How To Make Sure You Get a Great Window Tinting Installation
There is just so much to discuss when it comes to window tinting. There’s the law side of it and whether or not it’s even legal in your state.
Then there are the darkness levels and what you need it for.
Are you looking to cut heat? Interested in reduced visibility from the outside for the safety of the occupants?
I always felt that when it came to window tinting, you needed to educate the customer about the tint first.
Many people just assume that the customer really knows what they want when they walk through the door. Customers are paying the professional tint installer for their expertise and to guide them towards the best choice in window tint for their car.
Usually, though, they just have an idea that needs to be molded into what they are really interested in. The worst situation is one in which a customer decides on a window film that they don’t like after it’s installed.
Part of the education process is to choose a film manufacturer that utilizes the technology that best solves the problem you are attempting to fix.
- Need to reduce infrared and UV radiation entering your home or vehicle?
- Need to cut your energy consumption and increase comfort?
- Need a darker window tinting film to limit the visibility of the interior?
- Want more visibility and less reflection but still maintain the heat and UV protection offered by the darker window tinting films?
- Need a hard coat, scratch-resistant film that offers many or all of the above highlights? (these are great for mini-vans with children that tend to scratch window tinting film with metal items)
- Want more safety and security in preventing burglary and shattered glass by installing window tinting film?
All of these features and more can be found in the hundreds of different manufacturers of film. By far the largest manufacturer of window tinting film is SolarGard. No matter what kind of film you are looking for, this company will have it. We installed SolarGard for years and never had a problem with it.
Because of the volume of window tinting installations that we did, we were always getting free products from other companies. We tried them, even the super high priced products that guaranteed everything that could possibly go wrong.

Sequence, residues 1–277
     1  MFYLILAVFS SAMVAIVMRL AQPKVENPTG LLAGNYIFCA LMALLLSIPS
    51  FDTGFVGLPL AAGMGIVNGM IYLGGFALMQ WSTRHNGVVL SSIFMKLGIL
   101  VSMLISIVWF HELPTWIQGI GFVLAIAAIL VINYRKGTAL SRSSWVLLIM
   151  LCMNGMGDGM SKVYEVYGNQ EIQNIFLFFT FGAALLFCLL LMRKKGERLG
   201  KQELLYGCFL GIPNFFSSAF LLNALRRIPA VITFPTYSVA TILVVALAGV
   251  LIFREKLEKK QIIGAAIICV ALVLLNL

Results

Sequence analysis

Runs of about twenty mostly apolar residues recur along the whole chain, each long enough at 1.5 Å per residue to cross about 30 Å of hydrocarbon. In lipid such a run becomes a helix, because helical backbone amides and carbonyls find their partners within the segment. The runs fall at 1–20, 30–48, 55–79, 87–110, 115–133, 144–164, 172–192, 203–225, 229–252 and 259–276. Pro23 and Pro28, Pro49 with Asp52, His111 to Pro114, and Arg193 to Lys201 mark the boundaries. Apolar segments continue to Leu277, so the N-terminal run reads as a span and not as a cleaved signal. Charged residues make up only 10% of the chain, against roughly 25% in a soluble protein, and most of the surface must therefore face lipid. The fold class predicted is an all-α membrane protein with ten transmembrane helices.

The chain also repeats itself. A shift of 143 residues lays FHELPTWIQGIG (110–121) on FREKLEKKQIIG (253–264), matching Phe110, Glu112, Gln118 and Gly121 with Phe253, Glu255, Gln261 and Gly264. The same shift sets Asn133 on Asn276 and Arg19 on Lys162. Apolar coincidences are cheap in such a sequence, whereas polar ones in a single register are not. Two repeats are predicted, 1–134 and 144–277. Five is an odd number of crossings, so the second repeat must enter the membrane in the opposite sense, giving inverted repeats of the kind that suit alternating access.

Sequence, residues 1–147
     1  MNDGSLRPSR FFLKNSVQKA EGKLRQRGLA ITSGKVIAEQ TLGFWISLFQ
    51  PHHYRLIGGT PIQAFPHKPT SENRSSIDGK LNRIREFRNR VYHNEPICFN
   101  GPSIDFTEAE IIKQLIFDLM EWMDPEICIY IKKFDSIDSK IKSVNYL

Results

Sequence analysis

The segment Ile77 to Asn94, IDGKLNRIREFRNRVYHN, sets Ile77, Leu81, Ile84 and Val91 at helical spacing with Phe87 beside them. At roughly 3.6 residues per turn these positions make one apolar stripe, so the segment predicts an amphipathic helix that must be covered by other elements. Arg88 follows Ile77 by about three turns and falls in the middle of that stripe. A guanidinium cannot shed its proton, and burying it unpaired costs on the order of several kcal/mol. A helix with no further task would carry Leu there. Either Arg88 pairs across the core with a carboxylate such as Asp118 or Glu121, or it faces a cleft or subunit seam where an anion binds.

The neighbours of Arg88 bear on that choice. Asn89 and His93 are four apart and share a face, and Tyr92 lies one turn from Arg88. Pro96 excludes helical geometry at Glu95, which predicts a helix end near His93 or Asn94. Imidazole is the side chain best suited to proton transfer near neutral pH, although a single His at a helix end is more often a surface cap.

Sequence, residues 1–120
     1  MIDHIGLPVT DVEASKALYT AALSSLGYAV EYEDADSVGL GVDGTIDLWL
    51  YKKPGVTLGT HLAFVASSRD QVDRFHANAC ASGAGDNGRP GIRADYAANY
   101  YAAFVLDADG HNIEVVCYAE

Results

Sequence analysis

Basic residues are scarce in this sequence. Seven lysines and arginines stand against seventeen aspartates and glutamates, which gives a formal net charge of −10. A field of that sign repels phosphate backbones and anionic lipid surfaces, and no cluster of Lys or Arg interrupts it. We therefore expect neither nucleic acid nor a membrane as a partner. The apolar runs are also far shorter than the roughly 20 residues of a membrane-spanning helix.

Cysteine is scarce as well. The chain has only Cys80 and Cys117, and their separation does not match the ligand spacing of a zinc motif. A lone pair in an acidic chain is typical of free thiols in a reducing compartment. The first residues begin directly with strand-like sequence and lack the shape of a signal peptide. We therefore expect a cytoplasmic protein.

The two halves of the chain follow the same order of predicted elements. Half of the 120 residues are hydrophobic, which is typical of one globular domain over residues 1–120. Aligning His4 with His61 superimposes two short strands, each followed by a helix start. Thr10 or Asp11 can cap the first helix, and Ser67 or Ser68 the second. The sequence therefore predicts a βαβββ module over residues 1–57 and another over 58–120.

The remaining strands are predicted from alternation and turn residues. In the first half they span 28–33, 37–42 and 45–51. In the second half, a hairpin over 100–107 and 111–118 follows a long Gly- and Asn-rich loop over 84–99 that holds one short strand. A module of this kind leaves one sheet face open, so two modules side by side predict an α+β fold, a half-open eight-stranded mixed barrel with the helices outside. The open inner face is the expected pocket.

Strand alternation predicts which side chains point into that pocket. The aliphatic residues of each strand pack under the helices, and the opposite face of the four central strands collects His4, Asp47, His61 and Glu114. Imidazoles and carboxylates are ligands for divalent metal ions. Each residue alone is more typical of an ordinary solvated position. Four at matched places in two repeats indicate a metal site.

None of the other window tinting films ever matched the price and ease of installation that comes with window tinting films from SolarGard. They even offer an excellent warranty regardless of whether the window tinting films are installed on either your car, home or office.
SolarGard’s most popular window tinting film product lines included these films:
- HP Metallic’s, Charcoal, Smoke, Gray & NR Black
- All darkness percentages from 6% Limo Black, 13%, 32% & 50% & 60% lighter films.
- ArmorCoat Security and Shatter Resistant Films
SolarGard offers a manufacturers lifetime warranty on residential installations and a 15-year warranty on commercial film installations.
Whatever the need, they’ve got a film solution for you!
Expert Auto Window Tinting Starts With The People Installing The Film!
A good installer will have several years of experience and handle your window tinting film installation with expert results. Some things to look for in your installer:
- One-piece back window installs. Not the two, three or more pieces that many new or inexperienced shops like to try and sell you as “professional” installation. It looks like crap, plain and simple. It’s a simple rule of thumb, one-piece back window tinting and that is the only way you will accept it.
- Pull door panels and tint the entire window. No cuts along the molding to get it done fast and out the door.
- Micro edge installs on side windows. You should only have a gap about 1/16th of an inch maximum at the top of your window. That’s the sign of a true professional installer. If you have a gap at the top of your window that’s larger than the width of one of your thinnest car keys, take it back and make them do it right or ask for your money back. Or don’t accept it and make them take it off so you can find a real professional window tinting shop.
- No “fingers” or “creases”. These are the white lines in the film, usually on the back window but if you have a really bad installer they might even be on the side windows. This is caused by an inability to properly heat shrink the film and is a good sign of inexperience with the installation of window tinting films.